Then, the defendants were charged with violating the AETA by the federal government. Count I of the indictment alleged that they conspired to travel in interstate commerce for the purpose of damaging and interfering with the operation of an animal enterprise, and in connection with that purpose, damaged the property of an animal enterprise. Count II alleged that the defendants damaged real and personal property used by an animal enterprise. The defendants moved to dismiss the indictment against them, asserting that the AETA was facially overbroad, was unconstitutionally vague, and violated substantive due process because it labeled persons who committed the act as “terrorists”. The District Court denied the motion to dismiss.

    The Seventh Circuit affirmed the District Court’s ruling that rejected all of the defendants’ arguments. In particular, the defendants suggested that the AETA prohibited advocacy that caused damage to only intangible property such as profits or goodwill. The court rejected that argument and held that the AETA prohibited destruction of or damage to tangible items and property owned by the animal enterprise. In fact, the court looked at the legislative history of the AETA, which reinforced the conclusion that it was not intended to criminalize speech or expressive conduct that caused damage only to the animal enterprise’s profits or goodwill. Several legislators made statements indicating that, while the statute was being passed to combat the violence being perpetrated against animal enterprises as well as people and entities connected to animal enterprises, Congress was aware of the importance of protecting the First Amendment right to engage in lawful protest against animal enterprises. In particular, the court looked at a speech by Senator Feinstein stating: “I fully recognize that peaceful picketing and public demonstrations against animal testing should be recognized as part of our valuable and sacred right to free expression. For this reason, all conduct protected by the First Amendment is expressly excluded from the scope of this legislation. This law effectively protects the actions of the law-abiding protester while carefully distinguishing the criminal activity of extremists.” In summary, the court found that the text of the statute as well as the legislative history made clear that the statute does not criminalize speech or expressive conduct that causes damage only to intangible profits or goodwill of an animal enterprise.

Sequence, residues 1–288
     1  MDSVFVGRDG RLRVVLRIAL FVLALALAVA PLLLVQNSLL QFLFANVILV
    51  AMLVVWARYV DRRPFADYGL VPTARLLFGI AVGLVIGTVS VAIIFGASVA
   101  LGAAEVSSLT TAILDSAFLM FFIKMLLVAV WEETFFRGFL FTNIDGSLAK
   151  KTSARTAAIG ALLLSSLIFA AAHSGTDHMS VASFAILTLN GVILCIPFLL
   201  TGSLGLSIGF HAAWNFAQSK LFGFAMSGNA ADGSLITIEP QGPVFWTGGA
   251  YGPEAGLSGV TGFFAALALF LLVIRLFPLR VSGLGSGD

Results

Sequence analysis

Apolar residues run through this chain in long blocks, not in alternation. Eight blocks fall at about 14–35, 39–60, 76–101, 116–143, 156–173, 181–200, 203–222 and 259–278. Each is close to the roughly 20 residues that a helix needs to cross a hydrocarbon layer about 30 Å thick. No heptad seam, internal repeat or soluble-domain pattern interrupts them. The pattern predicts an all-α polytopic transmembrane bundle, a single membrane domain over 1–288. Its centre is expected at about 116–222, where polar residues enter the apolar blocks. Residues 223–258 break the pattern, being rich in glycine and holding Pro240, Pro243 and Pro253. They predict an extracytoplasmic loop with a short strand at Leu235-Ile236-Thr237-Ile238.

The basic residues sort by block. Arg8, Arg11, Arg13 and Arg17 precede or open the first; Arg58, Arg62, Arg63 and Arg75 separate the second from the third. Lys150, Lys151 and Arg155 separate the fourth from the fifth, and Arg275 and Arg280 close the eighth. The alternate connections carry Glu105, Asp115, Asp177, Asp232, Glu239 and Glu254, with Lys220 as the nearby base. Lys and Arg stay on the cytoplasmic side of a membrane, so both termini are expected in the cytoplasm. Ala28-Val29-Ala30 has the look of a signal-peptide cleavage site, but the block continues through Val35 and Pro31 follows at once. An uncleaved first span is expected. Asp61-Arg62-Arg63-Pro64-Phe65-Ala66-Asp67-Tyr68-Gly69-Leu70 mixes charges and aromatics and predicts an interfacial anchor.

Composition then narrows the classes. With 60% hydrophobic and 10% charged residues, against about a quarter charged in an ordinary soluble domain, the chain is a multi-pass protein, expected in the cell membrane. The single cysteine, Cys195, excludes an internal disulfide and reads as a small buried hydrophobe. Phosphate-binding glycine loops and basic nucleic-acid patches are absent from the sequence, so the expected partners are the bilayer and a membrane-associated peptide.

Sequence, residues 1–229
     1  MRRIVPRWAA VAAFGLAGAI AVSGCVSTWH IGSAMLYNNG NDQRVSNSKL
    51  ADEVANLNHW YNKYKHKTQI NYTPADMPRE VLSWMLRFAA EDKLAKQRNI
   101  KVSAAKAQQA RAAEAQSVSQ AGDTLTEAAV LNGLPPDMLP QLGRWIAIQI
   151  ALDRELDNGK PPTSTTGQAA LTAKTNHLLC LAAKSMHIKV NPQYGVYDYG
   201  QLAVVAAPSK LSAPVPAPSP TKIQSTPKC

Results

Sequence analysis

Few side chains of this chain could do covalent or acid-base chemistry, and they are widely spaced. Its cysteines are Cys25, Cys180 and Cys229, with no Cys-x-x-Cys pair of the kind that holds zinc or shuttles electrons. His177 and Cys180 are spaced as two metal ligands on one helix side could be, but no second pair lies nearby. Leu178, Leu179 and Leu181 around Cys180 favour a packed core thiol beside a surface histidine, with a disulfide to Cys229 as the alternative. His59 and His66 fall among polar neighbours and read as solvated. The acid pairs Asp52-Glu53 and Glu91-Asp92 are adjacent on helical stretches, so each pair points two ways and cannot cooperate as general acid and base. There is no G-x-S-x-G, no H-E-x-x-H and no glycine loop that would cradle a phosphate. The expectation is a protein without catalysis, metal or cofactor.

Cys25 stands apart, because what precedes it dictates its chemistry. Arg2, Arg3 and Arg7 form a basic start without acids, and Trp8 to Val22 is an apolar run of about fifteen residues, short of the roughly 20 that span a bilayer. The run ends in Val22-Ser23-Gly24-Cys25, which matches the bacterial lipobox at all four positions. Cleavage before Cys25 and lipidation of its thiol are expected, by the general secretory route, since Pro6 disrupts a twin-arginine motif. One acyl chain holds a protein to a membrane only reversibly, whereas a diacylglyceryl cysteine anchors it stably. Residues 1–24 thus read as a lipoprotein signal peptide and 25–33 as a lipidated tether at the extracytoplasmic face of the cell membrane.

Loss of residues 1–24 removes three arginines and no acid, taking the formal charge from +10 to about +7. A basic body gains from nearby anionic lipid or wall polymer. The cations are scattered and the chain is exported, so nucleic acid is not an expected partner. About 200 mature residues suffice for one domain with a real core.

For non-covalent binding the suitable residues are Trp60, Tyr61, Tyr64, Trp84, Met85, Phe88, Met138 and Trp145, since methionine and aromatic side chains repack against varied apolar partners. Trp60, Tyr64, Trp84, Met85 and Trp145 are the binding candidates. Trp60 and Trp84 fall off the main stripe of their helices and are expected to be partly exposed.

The Seventh Circuit had an easy task in this case, deciding to interpret the statute to criminalize destructive conduct but keeping the door open to reasonable protests that do not harm private property. Environmental activists need to be aware of this line in the sand that has been drawn by Congress and the courts.